This lesson will provide an overview to prepare workers for working safely with and around electricity. However, this lesson will not address arc-flash hazards and controls, lock-out/tag-out procedures, or high voltage (220V or 440V) electrical safety.
Annually, there are nearly 230 electrical related fatalities. The National Institute for Occupation Safety & Health (NIOSH) discovered that, “61% of electrocutions occur in two occupation divisions: 46% among craftsmen and 15% among laborers. These two groups also had the highest rates of electrocution death: 1.4 per 100,000 workers each.”
NIOSH also stated that “Electricity is the flow of an atom’s electrons through a conductor. Electrons, the outer particles of an atom, contain a negative charge. If electrons collect on an object, that object is negatively charged. If the electrons flow from an object through a conductor, the flow is called electric current. Voltage is the fundamental force or pressure that causes electricity to flow through a conductor and is measured in volts.”
Typically, fatal electrical accidents happen in the high-risk workforce when an aerial lift or boom, or scaffolding set up, results in the unexpected connection with a power line, creating a circuit.
You should always remember that electrical hazards can cause burns, shocks and electrocution (death).
- Always assume that overhead wires are energized at lethal voltages. Do not assume a wire is safe to touch, even if it is down or appears to be insulated.
- Do not touch a fallen overhead power line. Instead, always call the electric utility company to report fallen electrical lines.
- Maintain at least 10 feet (3 meters) distance from overhead wires during cleanup and other activities. While working at heights or handling long objects, always survey the area before starting work for the presence of overhead wires.
- In the case that an overhead wire falls across your vehicle when you are driving, stay inside the vehicle and continue to drive away from the line. When an engine stalls, never leave your vehicle. Warn anyone nearby not to touch the vehicle or the wire. Call, or get another person to call, the local electric utility company and emergency services.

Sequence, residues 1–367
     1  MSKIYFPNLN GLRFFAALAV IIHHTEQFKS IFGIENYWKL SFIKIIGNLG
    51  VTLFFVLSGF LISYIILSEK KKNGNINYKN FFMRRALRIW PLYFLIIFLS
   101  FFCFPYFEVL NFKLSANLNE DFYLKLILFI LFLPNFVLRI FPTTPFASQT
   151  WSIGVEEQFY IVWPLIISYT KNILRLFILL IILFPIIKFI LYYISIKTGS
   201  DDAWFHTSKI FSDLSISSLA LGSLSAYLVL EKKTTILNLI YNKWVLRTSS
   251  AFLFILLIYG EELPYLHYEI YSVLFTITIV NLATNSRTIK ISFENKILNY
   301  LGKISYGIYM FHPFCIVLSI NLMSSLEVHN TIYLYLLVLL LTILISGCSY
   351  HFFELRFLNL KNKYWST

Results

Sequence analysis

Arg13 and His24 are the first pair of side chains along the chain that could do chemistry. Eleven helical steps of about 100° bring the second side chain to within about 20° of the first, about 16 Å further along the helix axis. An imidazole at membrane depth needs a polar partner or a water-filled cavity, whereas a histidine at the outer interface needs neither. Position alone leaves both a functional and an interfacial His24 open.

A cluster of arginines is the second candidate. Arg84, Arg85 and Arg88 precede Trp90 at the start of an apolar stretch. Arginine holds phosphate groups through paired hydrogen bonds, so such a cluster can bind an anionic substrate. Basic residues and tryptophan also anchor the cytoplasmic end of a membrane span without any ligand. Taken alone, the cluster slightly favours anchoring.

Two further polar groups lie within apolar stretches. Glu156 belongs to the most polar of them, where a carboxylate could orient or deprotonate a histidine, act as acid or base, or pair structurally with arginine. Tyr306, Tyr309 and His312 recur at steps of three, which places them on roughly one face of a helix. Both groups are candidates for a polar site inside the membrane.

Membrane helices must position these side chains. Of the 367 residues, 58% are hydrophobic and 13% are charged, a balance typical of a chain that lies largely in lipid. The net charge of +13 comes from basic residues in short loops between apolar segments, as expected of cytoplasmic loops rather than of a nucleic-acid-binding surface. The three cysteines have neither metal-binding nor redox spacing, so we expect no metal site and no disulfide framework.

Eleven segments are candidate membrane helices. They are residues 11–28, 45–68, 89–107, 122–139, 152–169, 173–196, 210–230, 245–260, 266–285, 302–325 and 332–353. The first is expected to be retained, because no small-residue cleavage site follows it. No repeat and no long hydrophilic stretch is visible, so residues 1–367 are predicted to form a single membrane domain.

- Do not operate electrical equipment when you are standing in water.
- Do not repair electrical cords or equipment unless qualified and authorized.
- Always get a qualified electrician to inspect electrical equipment that has gotten wet before energizing it.
- In the case that you are working in damp locations, inspect electric cords and equipment to ensure that they are in good condition and free of defects, and use a ground-fault circuit interrupter (GFCI).
- Remember to be cautious when working near electricity.
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- Learning about how electricity works regarding hazards on the job
- Understanding basic safety controls and practices at work
- Recognizing and understanding how to respond to electrical emergencies
- Any Learning Management System (LMS) Use with any SCORM, AICC, xAPI, TinCan, HTML5, or other LMS (learning management system).
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- Engaging Professionally-developed, including an on-screen host and modern, easy-to-understand text, media, and voiceovers.
- Unlimited Attempts Each module can be taken as many times as required to get a passing grade. Unlike our competitor’s courses, if you get an answer wrong, you are redirected to the exact eLearning segment you struggled with… you don’t need to go through the entire module again, just the one part you need a refresher on.